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Germs, germs, everywhere!

Medical student Garrison Pease introduces Century second graders Simone Wolff, left, and Emily Schulz to germs via a microscope. (Jean Ruzicka / Enterprise)1 / 3
Kim Berghuis, above, shows the students the results of hand washing vs. not washing via growth of microorganisms in a petri dish. The kids have learned another use for the ABCs - something to be recited while washing hands. (Jean Ruzicka / Enterprise)2 / 3
Garrison Pease, right, assists Aneka Gorder with her mask. The students gained a keen respect for the microscopic beings that bring on virus and infection. (Jean Ruzicka / Enterprise)3 / 3

Germs have invaded Century School Steph Mercil's second grade classroom.

By invitation.

As part of the science curriculum, students were introduced not only to the microbes, but also to medical student Garrison Pease and Kim Berghuis, division manager for Essentia.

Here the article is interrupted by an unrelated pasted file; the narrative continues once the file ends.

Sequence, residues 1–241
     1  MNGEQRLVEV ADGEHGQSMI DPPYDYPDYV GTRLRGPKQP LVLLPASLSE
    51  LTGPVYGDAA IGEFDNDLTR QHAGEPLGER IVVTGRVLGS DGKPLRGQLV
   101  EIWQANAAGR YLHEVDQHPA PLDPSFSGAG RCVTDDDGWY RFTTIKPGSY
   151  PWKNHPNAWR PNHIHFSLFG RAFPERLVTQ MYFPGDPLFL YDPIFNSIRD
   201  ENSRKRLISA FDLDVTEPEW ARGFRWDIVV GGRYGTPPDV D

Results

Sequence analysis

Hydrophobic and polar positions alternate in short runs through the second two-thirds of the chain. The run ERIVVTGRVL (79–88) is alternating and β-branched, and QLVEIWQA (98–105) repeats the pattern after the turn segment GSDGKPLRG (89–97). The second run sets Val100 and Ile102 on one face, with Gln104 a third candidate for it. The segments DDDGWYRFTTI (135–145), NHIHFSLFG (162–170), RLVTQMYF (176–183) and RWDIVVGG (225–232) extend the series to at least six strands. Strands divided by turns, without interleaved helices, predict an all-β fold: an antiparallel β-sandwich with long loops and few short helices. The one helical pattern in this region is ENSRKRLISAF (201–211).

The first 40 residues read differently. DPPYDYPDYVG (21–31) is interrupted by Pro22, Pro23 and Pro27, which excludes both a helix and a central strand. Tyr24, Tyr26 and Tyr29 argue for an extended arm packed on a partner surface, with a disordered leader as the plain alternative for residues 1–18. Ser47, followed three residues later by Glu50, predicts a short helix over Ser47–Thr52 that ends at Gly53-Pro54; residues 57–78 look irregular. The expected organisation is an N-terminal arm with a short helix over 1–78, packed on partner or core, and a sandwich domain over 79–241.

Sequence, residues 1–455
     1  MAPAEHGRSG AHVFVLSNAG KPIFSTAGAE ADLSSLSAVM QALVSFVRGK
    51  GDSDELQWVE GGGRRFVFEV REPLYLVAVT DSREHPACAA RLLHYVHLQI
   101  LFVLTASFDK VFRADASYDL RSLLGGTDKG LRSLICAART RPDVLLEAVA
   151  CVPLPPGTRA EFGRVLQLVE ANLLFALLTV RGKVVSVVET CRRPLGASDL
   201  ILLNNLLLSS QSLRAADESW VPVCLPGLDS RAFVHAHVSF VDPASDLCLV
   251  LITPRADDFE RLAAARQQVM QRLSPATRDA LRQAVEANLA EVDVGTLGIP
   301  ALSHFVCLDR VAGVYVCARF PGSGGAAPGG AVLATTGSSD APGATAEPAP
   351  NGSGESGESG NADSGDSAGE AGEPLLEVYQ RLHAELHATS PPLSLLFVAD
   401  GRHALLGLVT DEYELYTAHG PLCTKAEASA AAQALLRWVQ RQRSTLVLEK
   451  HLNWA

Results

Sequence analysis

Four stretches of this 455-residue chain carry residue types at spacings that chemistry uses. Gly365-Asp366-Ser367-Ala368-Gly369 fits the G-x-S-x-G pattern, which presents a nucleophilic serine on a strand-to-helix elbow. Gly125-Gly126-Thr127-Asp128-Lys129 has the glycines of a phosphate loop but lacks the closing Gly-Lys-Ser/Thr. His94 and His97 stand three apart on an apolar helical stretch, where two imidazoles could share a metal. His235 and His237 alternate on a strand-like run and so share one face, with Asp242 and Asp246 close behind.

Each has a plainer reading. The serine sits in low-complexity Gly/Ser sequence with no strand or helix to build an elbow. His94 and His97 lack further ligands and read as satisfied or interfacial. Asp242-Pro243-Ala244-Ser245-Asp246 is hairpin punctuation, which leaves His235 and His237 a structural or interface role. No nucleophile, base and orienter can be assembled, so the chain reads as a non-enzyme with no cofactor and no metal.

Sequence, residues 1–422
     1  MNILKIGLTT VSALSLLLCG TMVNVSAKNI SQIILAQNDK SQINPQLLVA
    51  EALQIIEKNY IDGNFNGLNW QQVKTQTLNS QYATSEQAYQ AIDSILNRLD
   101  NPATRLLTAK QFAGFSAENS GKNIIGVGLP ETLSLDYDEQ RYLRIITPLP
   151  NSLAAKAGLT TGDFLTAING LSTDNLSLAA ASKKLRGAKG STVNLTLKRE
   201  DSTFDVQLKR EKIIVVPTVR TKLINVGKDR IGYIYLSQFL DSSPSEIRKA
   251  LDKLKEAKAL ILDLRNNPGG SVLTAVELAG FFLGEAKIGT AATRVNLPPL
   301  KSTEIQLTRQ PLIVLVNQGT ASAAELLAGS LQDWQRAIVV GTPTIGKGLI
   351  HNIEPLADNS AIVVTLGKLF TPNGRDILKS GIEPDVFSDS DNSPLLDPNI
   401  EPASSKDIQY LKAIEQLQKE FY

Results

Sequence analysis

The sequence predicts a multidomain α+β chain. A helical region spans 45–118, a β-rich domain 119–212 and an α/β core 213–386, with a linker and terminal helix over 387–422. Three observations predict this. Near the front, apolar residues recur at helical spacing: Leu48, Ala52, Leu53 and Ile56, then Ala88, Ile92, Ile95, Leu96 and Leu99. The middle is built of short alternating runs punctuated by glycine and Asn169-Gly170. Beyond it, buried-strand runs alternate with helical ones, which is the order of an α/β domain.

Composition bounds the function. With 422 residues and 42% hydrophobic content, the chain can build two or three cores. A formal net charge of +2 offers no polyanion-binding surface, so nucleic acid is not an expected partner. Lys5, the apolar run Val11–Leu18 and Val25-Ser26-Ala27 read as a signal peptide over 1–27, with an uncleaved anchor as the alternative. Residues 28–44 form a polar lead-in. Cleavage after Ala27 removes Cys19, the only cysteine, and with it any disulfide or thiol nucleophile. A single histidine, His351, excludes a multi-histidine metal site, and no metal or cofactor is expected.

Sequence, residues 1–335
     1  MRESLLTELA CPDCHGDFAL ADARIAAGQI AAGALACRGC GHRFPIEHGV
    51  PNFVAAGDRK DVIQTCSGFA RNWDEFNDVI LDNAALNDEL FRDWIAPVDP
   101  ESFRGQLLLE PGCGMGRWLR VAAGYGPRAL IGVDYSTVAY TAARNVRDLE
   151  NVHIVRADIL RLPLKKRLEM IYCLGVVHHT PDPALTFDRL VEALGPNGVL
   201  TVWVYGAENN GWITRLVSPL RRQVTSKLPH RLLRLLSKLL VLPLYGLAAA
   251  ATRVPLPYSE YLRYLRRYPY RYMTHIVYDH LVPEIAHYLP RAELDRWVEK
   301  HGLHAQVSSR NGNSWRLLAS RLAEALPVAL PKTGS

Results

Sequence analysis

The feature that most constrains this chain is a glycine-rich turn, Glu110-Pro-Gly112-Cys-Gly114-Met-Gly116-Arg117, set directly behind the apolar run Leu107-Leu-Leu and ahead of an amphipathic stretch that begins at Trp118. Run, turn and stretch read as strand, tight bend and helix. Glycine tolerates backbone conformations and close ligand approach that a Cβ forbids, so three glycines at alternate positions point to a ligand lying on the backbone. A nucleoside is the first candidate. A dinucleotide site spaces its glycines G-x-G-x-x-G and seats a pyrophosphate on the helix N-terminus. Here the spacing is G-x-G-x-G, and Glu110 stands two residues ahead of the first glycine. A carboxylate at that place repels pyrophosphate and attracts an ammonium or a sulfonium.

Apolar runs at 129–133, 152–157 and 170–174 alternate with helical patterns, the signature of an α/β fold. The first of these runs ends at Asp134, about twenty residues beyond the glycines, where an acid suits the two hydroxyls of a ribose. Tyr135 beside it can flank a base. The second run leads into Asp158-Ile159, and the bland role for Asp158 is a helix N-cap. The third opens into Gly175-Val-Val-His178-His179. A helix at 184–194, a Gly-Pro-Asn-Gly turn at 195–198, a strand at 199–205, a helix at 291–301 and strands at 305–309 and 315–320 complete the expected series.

The duo added "culture" - germs, that is - to the classroom.

The students witnessed "first hand" how washing is key to reducing bacteria. Monday, swabs were taken of a student's dirty hands, hands washed in mere water and fingers that had undergone a good washing with soap (a recitation of the ABCs considered to be the appropriate duration of a scrub).

Wednesday, they witnessed just what appears in a petri dish from the three-hands experiment, what bacteria looks like through the lens of a microscope and magnified "cooties" on the Smart Board.

Pease introduced rhinovirus, E. coli and salmonella, explaining proper washing and cooking of food are key components to avoiding illness.

But the body, they learned, has a dandy defense mechanism against germs, nose hair and white blood cells among them.

Then, donning masks and gloves, the students began creating their own fungi, bacteria, viruses and protozoa.

Germs, they ascertained, are great art forms, given their round, rod and spiral formations.

Their creative endeavors sent class into overtime. Math was placed on hold while the germ-makers continued their works of art.

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